For the past couple of weeks, as you may know, I’ve been back in the UK, and have felt some pressure from the authorities in this time here. The conviction and imprisonment of Ben Stimson was framed around his being pictured ‘holding a weapon’ in Donbass, something the FCO have written to me about in the past. And further, they moved on from that by updating their travel guidance to add the threat that those who ‘assist those in the conflict’ in Donbass may be liable to prosecution in the UK.
I’ve written about all of that here –
So, what to expect as I leave the UK in a few hours? Well, of course I hope to normally pass through the border, with no issues. Journalism isn’t a crime, after all, even if the government don’t like it. However, what also happened in my time back here is that the BBC came after me to try to blur the lines, insinuate that I’d crossed journalistic lines. Here’s my response to that:
So what could the UK do against me? Jail me, like Ben? Unlikely they’d dare to go that far. Take my passport? They’d surely like to do that – either to stop me leaving the country, or force me into a position of applying for the passport of another country, i.e. Russia so they could discredit my work with ‘Russian propagandist’ etc. Not that that would or ever could be the case. I’m British, and actually consider myself a true patriot of the UK – in as much as I’d rather go against my country until it becomes the country I was brought up to believe in. For the moment, it’s hard to believe in anything the UK government do, and I’ve covered that on the Truth Speaker –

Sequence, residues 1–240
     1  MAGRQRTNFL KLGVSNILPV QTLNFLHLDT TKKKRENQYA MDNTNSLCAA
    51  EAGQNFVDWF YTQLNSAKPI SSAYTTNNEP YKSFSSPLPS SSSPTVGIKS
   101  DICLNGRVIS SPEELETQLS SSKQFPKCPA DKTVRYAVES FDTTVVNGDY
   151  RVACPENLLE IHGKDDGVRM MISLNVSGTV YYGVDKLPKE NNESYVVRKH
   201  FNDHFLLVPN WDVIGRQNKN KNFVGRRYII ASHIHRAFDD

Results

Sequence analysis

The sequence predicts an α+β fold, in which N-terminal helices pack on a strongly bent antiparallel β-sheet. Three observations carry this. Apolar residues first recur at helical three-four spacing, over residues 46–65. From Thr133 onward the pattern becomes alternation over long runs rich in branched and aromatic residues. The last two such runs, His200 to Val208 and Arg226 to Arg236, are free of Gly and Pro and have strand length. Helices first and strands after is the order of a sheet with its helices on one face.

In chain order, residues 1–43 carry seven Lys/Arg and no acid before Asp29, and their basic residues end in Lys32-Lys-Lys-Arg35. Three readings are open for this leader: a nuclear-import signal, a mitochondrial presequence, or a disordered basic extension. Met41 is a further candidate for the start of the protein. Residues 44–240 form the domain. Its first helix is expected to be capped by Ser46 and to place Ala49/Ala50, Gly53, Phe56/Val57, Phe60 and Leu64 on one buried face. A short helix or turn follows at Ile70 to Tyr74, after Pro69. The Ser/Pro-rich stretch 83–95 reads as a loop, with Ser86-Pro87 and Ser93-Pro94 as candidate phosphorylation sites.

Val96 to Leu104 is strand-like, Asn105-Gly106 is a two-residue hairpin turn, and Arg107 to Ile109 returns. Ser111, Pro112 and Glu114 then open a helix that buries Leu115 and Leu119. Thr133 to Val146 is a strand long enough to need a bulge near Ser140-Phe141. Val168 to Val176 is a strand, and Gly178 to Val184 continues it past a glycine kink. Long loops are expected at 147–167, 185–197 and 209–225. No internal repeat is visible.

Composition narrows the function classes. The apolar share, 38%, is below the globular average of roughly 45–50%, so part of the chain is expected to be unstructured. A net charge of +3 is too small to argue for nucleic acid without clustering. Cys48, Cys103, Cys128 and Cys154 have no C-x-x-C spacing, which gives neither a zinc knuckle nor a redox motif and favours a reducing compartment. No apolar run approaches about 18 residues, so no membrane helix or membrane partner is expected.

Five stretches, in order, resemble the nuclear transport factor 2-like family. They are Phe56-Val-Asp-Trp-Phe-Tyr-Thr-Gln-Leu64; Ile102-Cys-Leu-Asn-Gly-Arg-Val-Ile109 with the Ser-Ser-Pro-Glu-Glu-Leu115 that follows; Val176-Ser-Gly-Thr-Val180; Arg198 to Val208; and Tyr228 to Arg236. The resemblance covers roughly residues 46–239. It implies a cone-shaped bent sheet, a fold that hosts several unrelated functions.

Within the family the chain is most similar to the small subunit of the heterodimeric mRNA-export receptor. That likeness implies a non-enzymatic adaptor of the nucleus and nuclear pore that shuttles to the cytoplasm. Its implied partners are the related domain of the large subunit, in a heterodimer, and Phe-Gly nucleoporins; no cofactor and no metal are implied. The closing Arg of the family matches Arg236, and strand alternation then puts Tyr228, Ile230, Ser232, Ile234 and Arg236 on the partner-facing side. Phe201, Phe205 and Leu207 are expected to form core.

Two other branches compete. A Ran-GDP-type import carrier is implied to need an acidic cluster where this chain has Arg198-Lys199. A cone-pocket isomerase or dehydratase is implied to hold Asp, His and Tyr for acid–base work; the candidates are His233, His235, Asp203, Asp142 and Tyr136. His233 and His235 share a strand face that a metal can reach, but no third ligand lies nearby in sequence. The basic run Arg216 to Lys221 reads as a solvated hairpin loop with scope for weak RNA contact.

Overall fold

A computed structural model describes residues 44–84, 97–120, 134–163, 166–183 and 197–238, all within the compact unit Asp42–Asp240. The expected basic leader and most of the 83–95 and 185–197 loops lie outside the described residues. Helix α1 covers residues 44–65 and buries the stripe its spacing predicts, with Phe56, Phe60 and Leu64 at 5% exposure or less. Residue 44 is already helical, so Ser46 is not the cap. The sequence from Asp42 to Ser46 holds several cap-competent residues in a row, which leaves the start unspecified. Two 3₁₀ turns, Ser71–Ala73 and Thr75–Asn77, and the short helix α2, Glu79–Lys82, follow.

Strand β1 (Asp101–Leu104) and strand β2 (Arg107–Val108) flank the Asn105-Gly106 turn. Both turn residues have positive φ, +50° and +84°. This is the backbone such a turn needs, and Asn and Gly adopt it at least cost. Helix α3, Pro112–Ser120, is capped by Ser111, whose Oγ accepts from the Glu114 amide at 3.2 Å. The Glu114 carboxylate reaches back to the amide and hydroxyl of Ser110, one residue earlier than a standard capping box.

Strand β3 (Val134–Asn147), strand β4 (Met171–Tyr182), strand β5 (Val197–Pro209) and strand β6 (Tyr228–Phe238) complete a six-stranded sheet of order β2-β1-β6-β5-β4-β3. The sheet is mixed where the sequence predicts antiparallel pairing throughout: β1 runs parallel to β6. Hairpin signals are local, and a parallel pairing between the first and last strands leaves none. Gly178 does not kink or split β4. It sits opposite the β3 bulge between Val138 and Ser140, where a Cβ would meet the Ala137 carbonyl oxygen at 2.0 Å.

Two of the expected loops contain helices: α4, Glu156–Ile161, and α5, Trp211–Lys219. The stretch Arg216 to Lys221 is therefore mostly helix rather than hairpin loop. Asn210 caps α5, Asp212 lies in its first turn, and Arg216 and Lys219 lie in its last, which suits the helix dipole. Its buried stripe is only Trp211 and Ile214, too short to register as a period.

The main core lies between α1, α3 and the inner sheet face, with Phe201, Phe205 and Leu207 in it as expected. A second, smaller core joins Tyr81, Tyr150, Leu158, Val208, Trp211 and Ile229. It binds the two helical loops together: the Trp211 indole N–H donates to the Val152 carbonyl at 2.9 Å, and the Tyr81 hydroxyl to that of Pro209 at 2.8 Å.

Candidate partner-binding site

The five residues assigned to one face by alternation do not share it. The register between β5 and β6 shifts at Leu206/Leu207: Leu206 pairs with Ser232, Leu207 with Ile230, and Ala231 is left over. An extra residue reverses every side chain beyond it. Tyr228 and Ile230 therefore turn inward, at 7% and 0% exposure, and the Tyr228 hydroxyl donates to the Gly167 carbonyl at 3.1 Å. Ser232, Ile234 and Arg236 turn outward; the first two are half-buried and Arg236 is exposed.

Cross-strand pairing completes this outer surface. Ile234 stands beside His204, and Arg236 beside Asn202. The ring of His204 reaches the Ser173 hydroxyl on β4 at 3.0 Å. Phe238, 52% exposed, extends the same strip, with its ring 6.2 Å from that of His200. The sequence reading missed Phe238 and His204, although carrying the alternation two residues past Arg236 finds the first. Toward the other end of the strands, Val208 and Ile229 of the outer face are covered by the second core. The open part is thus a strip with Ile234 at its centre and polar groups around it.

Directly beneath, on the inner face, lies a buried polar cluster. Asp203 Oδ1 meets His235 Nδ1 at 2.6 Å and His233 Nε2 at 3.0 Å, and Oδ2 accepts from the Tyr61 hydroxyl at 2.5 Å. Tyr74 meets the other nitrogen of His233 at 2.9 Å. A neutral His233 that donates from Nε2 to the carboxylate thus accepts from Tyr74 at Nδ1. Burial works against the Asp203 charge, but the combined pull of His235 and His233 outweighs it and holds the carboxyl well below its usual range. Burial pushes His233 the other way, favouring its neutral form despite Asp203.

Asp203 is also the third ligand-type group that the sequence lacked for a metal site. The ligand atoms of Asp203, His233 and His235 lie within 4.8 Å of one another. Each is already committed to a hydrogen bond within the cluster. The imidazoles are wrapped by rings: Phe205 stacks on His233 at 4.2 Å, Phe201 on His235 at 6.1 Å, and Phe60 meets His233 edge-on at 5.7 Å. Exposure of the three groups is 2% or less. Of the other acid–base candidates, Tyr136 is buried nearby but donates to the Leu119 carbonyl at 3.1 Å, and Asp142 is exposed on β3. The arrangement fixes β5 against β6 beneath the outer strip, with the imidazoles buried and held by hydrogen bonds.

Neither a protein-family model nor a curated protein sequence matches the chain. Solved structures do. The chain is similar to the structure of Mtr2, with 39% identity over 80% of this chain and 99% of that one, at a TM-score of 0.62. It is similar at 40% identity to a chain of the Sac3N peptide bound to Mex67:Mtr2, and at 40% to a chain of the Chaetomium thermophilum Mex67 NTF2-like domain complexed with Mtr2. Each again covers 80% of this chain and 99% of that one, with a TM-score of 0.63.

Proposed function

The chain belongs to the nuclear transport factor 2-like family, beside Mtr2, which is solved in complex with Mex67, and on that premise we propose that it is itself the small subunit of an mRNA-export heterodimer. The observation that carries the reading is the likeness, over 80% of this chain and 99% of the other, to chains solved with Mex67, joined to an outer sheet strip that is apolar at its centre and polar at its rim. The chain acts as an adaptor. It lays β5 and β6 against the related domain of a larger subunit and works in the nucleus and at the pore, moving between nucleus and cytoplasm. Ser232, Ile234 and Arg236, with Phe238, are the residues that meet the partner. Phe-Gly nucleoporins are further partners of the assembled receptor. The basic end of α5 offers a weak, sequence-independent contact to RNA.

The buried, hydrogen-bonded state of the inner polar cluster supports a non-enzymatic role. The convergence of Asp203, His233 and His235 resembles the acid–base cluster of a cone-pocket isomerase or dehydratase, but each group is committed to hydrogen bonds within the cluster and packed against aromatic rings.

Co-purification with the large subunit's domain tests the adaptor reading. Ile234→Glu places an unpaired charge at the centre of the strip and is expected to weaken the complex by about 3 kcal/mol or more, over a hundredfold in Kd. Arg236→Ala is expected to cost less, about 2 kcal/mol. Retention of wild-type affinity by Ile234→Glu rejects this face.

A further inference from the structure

I will keep challenging the narrative of the UK government as long as they continue acting in an entirely deceitful, immoral way. The next period of work is a hugely important one, and I’m ready for it. I’m pleased to have received my Russian visa, writing of that here:
That, with your support, setting me up for the next year of work in Russia, of course not only. And, if the UK do try to prevent that in any way, they will have their own words to fall on, which they well indeed now wish to take back in light of their recent Ukraine escalation, from September 2016 that:
“Mr. Phillips did not commit an offense in Great Britain that could be a reason for the British government to make him forbidden to leave the country.”
Those by UK ambassador to Ukraine Judith Gough, by the way, and I’ve written of her here. And that came after my interview with Ukrainian POW (shortly before exchange), Vladimir Zhemchugov, and here’s my position on that:
Of course, the sensible thing for the UK to do would be to let me leave the country without any problems, warnings, questioning etc. Last time I left in March, it was 30 minutes of fairly standard questioning at Harwich. However even that shouldn’t be the case – I’m a working journalist, keen to get back to work, to do my job, to bring you reportage. I don’t like fuss, or scandal, just – reporting facts. That they don’t reconcile with the UK government’s version in no way impacts on my right to report them.
If you’re sleeping now, and read this later, I hope this finds you well, and my having left for the next period of work, which will incidentally encompass the completion of my documentary from Belval, Luxembourg, (pictured) about which I’m very excited, and onto Russia, and more!
I hope to return, before too long, to a better Britain…